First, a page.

Prop design software/books

Discussion in 'Aircraft Design / Aerodynamics / New Technology' started by Hephaestus, Jun 16, 2019.

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  1. Jun 16, 2019 #1

    Hephaestus

    Hephaestus

    Hephaestus

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    Well last thread was 2010, most of the links and software are gone.

    I want to grab Jack Norris's book. But I can't say as I even have cheques anymore. Guess I'll have to fork out for a USD money order that costs more than his book to get it.

    Any current good software options? I'd love something that can export a shape for CNC cutting not just a few profiles?

    The hub/flywheel is going to get cut in the next couple weeks for the vanguard. Thinking working from baseline through the build step by step with testing makes the most sense. And provides data useful to others. Laminating up a few dozen blades and letting the cnc run makes more sense than 500$+ea when you're guestimating needs anyway.
     
  2. Jun 17, 2019 #2

    pictsidhe

    pictsidhe

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    Fred Weick wrote a good book way, way back when. Modern freeware: Martin Hepperle's Javaprop
    I have more resources, but those are the best.

    Test your engine with an Eiffel club prop before carving a real propeller. Hang on, you're Canuckian, do you say airscrew as Brits do?
     
  3. Jun 17, 2019 #3

    Hephaestus

    Hephaestus

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    Nope we're too 'Murica!nized ;) I don't think Brits have called it an airscrew since the 30s either.

    I looked at javaprop - but java was removed as security risks long ago. Maybe I have an old Linux box I can run it on.

    Club props give hp #s sure, but don't do much for thrust and starting to look at cooling needs.
     
  4. Jun 17, 2019 #4

    pictsidhe

    pictsidhe

    pictsidhe

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    I run Javaprop offline on Ubuntu or Debian. I removed Windows as a security risk years ago ;)
     
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  5. Jun 17, 2019 #5

    Victor Bravo

    Victor Bravo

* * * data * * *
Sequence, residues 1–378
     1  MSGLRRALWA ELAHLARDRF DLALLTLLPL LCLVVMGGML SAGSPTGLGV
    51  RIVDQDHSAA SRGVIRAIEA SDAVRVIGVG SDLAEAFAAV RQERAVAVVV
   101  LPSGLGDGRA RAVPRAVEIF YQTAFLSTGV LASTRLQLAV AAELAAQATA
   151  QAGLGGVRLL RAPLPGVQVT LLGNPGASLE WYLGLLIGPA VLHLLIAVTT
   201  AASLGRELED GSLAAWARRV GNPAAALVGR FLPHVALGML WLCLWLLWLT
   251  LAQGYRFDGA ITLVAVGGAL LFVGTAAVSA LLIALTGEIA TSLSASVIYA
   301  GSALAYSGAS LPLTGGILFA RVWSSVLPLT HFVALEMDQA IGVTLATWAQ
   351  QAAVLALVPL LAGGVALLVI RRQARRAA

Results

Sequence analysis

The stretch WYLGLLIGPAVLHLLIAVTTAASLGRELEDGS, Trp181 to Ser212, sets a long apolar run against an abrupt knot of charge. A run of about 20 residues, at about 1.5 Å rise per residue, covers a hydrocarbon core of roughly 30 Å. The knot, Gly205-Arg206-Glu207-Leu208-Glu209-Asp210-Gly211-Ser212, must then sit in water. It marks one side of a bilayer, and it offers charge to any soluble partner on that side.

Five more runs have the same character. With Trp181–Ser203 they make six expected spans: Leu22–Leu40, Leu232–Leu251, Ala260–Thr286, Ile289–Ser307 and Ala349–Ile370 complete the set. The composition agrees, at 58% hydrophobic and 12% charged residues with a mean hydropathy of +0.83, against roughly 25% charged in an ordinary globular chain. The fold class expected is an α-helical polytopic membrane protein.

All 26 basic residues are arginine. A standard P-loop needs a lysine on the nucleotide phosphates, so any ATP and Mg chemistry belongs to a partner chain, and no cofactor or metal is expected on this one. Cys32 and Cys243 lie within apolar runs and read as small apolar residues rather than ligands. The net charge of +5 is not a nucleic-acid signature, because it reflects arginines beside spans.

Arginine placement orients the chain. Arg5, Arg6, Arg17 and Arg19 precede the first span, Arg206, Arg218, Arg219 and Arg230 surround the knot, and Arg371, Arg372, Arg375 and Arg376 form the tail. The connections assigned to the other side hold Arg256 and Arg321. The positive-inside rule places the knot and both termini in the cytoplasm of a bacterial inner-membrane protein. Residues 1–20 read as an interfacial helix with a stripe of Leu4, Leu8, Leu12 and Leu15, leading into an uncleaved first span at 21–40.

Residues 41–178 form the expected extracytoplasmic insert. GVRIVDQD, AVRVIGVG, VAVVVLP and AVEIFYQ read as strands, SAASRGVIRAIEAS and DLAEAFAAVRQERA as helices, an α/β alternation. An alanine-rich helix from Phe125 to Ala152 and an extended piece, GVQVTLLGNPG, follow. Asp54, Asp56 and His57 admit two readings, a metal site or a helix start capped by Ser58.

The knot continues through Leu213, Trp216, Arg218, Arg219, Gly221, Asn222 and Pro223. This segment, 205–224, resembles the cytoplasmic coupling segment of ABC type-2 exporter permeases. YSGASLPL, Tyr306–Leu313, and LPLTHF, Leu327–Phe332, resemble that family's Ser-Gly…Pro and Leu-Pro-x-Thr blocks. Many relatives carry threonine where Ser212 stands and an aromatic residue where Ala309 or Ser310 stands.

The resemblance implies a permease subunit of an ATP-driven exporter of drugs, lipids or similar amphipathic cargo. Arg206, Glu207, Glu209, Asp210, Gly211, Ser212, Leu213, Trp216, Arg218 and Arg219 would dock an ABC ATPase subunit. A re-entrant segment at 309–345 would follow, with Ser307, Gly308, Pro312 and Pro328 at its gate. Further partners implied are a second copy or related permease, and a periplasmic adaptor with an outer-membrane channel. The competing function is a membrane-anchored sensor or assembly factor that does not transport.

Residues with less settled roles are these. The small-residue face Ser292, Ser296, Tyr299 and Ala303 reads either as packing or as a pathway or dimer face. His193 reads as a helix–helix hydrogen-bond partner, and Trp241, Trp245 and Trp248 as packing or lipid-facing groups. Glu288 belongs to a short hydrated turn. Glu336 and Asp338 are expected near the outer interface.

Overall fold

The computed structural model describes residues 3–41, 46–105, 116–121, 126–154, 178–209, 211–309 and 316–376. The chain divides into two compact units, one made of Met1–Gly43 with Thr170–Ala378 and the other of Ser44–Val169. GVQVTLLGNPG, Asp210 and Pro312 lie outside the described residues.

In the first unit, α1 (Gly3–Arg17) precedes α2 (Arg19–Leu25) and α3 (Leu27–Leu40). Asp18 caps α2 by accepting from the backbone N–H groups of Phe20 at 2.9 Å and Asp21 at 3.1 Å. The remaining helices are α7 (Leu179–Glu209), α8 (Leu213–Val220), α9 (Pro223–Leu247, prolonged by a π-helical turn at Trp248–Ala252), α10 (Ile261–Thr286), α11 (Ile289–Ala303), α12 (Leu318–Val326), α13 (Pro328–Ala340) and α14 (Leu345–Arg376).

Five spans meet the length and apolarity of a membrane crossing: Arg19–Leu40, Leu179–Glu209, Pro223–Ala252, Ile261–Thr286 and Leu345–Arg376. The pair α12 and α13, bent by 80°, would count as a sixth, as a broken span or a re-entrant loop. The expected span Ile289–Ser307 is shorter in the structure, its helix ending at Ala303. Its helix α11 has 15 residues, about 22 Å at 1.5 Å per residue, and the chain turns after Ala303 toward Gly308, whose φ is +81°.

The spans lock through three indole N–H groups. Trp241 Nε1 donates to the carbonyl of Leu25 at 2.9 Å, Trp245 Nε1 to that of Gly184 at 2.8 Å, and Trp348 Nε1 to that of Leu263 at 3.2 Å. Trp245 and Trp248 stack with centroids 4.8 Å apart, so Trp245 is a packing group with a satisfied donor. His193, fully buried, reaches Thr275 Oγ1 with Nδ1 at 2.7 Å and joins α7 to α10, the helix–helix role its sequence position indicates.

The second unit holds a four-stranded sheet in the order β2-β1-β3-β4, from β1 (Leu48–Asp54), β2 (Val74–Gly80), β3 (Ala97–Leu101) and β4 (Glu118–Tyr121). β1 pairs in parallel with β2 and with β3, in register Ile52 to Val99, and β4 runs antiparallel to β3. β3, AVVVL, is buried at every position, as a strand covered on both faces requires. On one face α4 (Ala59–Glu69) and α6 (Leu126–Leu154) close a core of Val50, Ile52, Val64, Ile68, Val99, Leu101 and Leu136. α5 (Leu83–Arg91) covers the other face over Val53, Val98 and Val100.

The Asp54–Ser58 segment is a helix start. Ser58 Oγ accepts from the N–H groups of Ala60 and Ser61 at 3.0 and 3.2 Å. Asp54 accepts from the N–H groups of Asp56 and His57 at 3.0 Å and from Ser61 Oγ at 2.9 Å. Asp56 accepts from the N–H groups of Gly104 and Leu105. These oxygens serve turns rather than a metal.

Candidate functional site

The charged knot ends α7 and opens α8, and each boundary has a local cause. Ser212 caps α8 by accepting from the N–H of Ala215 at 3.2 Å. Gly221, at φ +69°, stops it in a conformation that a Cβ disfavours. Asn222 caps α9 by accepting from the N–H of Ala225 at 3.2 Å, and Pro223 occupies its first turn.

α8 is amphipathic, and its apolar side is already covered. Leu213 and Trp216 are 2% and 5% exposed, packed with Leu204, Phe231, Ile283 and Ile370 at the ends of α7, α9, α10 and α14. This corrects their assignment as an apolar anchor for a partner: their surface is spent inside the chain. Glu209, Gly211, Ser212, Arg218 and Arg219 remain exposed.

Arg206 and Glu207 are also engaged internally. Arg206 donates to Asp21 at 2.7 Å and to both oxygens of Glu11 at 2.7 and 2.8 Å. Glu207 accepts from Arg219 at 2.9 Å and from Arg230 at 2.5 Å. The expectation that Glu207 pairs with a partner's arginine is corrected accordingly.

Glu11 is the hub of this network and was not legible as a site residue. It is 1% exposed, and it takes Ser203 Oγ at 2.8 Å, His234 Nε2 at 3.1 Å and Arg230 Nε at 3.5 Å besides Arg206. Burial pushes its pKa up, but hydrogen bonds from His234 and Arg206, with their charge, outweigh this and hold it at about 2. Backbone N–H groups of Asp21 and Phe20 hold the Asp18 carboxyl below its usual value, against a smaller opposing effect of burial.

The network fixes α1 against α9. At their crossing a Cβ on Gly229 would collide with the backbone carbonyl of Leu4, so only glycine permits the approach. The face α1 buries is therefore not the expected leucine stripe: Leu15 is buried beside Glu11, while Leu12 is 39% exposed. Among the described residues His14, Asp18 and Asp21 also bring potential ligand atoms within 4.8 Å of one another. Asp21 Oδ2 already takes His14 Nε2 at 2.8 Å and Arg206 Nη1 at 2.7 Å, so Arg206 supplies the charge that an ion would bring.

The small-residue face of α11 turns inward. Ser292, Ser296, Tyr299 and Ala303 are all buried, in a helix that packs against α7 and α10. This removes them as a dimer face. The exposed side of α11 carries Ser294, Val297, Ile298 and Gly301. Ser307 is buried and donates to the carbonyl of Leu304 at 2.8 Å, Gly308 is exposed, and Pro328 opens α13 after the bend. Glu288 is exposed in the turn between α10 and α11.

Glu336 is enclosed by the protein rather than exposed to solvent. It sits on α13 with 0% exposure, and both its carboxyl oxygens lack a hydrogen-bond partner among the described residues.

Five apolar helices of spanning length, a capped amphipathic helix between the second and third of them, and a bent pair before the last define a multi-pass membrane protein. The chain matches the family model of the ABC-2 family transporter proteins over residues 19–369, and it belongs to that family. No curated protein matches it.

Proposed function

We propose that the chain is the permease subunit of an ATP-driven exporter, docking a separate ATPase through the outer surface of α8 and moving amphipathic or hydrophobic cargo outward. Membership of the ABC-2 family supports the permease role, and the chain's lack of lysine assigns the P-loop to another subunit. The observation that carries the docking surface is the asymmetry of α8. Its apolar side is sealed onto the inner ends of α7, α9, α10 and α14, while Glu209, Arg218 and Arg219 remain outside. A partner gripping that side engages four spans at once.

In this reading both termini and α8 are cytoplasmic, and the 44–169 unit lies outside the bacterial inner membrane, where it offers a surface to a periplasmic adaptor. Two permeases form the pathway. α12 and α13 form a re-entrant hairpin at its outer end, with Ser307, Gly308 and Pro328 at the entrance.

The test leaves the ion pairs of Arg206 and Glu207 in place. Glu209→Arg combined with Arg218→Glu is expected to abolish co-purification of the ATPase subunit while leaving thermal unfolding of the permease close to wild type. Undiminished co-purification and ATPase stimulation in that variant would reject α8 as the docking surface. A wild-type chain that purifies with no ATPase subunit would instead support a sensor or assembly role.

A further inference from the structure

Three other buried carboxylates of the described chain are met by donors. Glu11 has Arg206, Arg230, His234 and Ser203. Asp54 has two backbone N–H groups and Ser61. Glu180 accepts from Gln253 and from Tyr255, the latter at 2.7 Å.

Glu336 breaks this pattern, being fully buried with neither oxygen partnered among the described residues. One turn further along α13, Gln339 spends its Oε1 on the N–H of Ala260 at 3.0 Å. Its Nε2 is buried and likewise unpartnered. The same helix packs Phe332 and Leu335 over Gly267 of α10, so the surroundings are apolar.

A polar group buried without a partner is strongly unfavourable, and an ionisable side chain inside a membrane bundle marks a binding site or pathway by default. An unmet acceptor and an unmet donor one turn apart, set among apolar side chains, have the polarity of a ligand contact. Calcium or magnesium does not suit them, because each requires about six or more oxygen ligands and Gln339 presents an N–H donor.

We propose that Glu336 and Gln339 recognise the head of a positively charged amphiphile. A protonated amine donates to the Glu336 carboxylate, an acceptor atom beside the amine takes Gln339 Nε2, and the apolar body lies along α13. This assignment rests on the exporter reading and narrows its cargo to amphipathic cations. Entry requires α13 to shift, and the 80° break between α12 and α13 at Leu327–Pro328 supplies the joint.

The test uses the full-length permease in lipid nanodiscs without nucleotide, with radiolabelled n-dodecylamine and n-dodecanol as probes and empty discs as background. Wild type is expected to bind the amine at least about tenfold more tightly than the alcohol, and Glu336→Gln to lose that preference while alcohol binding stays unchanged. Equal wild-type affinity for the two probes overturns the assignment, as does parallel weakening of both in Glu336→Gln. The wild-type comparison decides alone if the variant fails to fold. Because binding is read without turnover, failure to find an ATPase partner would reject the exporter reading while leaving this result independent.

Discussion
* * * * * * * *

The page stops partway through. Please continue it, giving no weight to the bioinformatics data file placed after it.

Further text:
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    Get some US currency from someone, and mail it to Jack. He's a great guy and wants to see his book read and used.
     
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  6. Jun 17, 2019 #6

    Hephaestus

    Hephaestus

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    Oh I don't doubt it. Just wish he had other options ;)

    I hate mail lately. Safely between Canada post USPS and both countries customs - everything I need is like 3 months behind because of them. That turbo for the vanguard appears to be lost in the new Canada customs mail processing plant for a month+ now...
     
  7. Jun 17, 2019 #7

    pictsidhe

    pictsidhe

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    I looked at Jack Norris's web page. It reminds me of a myriad free energy sites...
    However, the lemniscate shape of the optimum thrust distribution along the blade is correct, so his writing style may be the funky part. He also references Theodoresen, who wrote a long multi part paper on propellers. Betz is the grandfather of propeller analysis.
    I may have to buy yet another book now...
    The perfect prop for me can wait until I have flight tested.
     
  8. Jun 17, 2019 #8

    plncraze

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    When you read Jack's book be ready for a different "style" of writing than you may be used to. Don't let that stop you.
    The charts from the David Taylor Basin are in an article by Quentin Wald.
    Theodore also wrote a book. Had it in my hand but never read it. It is about prop design and was published in the late 1940's.